- The Dear Lab
July 2, 2019 | Full review
The machine is small enough that it can be easily packed into a closet or wardrobe when you don’t need it, and getting it working is the simplest thing in the universe: you just start pedaling.
- Stuffoholics
Because it is so lightweight, this machine can even be carried to your office for some cardiovascular workout during your lunch break or any free time that you might have. This definitely adds to the motivating factor and makes the machine even easier to operate. The footplates are wide and textured enough to provide an extremely safe grip, even if you move more vigorously than usual.
- Best Fitness Advisor
The trainer allows you to adjust for intensity and to watch your progress with the tension knob and the multi-functioning display panel.
- Home Fitness Focus
One of the best things about the Stamina In Motion is that it is easy to stay motivated, because I can watch TV anywhere and still do my workouts, and I don’t have to go outside in the hot sun to work out!
- WX Fitness
Stability for this machine is taken care of by its front base plate, chassis, and a rear stabilizer that make use of rubberized feet (rear stabilizer) and foam sheet( front base).
- Ellipticalist
The Stamina InMotion is a very simple machine that weighs very little for easy transport and storage. It is basically foot pedals attached to a small steel base.
- Fitness Finest
What experts didn't like
Anyone who is used to exercising on an elliptical machine with support arms will probably find it a little difficult to balance on this elliptical trainer at first.
- Best Women's Workout Reviews
In addition, it has been reported that the distance reading can still increase when you have stopped using the machine, meaning it could be inaccurate, or that it has a delay in it’s tracking. This is something to watch out for.
- Dr. Body Gadget
Produce noise after some time of usage
- Fitness Gears Lab
A few users have reported issues regarding balancing on the trainer
- Fitness Geko
August 25, 2018 | Full review
Taller people may struggle with the short stride
- Jay's Home Gym
August 12, 2019 | Full review
Resistance pad and joints may begin to squeak after a while. However, the problem is easily fixed with a little lubrication.
- Best Fitness Equipment
Its small size doesn’t allow it to flow as smoothly as full-sized elliptical machines.
- The Fitness Mojo
Few customers complained about the short stride that affects taller users who feel a slight discrepancy between their regular stride and the one offered by the Inmotion elliptical.
- Fitness Tech Pro
A minor downside would be the fact that the InMotion doesn't rate it's resistance levels with numbers.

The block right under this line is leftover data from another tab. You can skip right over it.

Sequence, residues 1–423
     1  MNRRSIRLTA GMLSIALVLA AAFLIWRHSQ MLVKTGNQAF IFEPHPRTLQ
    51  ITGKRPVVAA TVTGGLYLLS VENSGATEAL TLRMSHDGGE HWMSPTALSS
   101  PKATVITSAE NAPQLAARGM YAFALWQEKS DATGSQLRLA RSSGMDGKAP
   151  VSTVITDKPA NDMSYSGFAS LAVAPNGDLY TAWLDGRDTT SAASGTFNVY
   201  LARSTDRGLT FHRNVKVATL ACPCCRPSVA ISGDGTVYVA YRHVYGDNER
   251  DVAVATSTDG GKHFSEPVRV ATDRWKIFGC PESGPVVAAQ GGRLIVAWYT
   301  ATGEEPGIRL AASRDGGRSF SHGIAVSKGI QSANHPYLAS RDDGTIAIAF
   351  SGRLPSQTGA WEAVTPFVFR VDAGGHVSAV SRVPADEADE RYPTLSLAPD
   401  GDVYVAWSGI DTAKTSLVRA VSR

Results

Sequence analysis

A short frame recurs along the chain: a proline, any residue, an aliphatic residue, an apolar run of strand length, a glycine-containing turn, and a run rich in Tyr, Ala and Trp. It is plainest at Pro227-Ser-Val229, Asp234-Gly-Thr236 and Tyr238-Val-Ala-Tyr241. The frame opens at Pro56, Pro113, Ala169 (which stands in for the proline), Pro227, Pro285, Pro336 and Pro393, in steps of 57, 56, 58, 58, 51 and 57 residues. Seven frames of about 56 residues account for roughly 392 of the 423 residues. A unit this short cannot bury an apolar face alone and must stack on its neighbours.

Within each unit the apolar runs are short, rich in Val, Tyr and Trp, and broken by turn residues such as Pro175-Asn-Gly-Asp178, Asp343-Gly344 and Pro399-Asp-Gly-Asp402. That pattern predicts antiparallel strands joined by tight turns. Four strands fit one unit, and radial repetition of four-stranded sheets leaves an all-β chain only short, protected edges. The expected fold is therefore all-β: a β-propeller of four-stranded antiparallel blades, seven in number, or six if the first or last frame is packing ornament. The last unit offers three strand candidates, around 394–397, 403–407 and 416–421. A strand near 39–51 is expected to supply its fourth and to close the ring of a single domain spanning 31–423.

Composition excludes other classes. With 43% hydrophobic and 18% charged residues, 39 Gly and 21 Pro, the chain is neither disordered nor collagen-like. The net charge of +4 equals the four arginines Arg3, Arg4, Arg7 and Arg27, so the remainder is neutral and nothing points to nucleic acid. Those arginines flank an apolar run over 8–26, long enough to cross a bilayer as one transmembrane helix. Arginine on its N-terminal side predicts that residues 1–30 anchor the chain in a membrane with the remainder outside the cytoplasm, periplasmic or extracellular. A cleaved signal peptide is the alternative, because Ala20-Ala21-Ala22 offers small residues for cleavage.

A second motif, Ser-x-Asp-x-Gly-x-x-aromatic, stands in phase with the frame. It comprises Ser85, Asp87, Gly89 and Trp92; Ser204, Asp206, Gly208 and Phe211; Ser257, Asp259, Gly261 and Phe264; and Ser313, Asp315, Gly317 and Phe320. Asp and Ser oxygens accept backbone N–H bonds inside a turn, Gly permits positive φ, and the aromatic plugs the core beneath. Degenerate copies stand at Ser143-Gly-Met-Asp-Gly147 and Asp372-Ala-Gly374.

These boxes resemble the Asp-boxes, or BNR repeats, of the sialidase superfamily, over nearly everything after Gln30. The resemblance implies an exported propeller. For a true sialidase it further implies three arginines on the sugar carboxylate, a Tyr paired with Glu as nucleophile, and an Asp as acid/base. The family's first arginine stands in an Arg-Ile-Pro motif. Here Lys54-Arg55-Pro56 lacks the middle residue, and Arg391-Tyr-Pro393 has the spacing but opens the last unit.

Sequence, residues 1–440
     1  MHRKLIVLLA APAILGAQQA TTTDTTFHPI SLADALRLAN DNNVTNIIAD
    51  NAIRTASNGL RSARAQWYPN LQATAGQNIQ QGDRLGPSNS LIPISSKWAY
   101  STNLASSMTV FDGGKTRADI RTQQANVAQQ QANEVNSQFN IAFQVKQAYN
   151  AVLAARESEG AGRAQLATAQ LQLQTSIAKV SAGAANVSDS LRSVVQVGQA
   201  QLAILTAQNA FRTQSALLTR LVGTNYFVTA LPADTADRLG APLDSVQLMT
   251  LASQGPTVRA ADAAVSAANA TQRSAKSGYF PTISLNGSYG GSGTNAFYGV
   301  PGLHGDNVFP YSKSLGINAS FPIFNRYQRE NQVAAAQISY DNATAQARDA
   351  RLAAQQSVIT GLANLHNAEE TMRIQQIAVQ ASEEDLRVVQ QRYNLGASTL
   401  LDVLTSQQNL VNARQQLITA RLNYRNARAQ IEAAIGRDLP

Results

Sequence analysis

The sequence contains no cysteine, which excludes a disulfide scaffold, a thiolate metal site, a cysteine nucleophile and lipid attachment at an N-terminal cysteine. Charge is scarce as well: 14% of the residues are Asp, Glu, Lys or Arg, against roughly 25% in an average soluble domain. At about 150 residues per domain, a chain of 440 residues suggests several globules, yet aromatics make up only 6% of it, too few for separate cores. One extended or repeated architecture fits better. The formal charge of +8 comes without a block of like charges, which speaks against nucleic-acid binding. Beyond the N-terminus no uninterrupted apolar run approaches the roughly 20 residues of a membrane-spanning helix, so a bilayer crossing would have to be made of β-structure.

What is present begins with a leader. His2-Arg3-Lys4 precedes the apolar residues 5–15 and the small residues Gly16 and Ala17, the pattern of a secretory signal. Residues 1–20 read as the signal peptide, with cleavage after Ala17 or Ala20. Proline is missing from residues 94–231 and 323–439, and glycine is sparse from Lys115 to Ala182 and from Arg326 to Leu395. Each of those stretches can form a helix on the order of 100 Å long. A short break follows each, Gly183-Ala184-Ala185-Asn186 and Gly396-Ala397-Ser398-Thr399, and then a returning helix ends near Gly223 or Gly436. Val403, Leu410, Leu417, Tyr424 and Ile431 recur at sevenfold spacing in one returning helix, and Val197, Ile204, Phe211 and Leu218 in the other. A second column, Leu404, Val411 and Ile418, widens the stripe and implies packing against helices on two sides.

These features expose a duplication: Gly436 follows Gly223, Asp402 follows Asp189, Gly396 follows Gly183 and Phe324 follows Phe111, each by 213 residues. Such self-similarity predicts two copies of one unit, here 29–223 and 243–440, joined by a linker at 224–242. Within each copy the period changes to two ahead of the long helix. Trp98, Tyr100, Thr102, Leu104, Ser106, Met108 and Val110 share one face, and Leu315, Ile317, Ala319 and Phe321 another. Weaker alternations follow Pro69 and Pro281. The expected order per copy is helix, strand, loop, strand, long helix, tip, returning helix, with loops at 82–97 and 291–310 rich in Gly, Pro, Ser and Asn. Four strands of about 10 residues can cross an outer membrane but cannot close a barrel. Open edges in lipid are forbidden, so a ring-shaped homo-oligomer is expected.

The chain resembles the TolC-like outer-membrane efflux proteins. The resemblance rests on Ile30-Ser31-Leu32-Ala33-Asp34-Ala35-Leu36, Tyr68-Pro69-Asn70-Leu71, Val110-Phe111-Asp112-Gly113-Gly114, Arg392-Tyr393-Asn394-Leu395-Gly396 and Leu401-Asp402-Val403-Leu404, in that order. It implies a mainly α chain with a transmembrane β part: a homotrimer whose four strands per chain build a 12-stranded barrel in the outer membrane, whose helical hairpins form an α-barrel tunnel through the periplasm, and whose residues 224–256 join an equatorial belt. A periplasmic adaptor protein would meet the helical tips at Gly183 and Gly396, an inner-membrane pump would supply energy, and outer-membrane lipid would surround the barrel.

- Fitness Fixed Gear
January 3, 2019 | Full review
The lack of poles means that you can’t work out your upper body with this product. This elliptical targets your abs when standing, but is strictly a lower-body workout when used while sitting down.
- Review Lab
Other people complained that stepping too hard on your heels while exercising could cause you to fall backwards.
- Weightloss Triumph
January 18, 2011 | Full review
Occasionally rocks slightly from side-to-side which may cause injury
- Wired Shopper
July 23, 2019 | Full review
Heavy and some may find it hard to move.
- Garage Gym Power
Resistance range could be better
- Heavy
No upper body workout
- Stuffoholics
There is no “weight-bearing effect.” A weight-bearing exercise, such as running, requires you to work against gravity. Therefore, these exercises strengthen bones and muscles in ways an elliptical workout cannot.
- Home Fitness Focus
A little unstable
- Ellipticalist
However, the base is fairly small, so balance and stability become an issue, especially with no handlebars to hold on to. Also because there are no handlebars, you don’t get to work out your upper body as much. Also there is no console, exercise programs or digital feedback.
- Fitness Finest

From The Manufacturer

For low-impact exercise, nothing beats the Stamina InMotion E1000 Elliptical Trainer. Ellipticals are popular for one very important reason - they provide a similar cardio, calorie-burning workout to jogging, but eliminate the risk of injury and joint stress on back, knees, ankles, and hips. Whether you're looking to stay fit or get healthy, this elliptical has you covered. Additional information Features adjustable tension so you can control intensity level of workout Foot pedals work in reverse or forward for comprehensive lower body workout Electronic monitor displays strides per minute, total strides, exercise time, and calories burned Non-slip pedals for totally safe use Sturdy steel construction to withstand lots of use Targets lower body and cardio health Compact design makes it easy to store and transport Some assembly required Adjustable tension controls. Durable steel construction. 250-pound weight capacity. Dimensions: 24.5L x 17W x 11.38H inches. Manufacturer's warranty included (see product guarantee).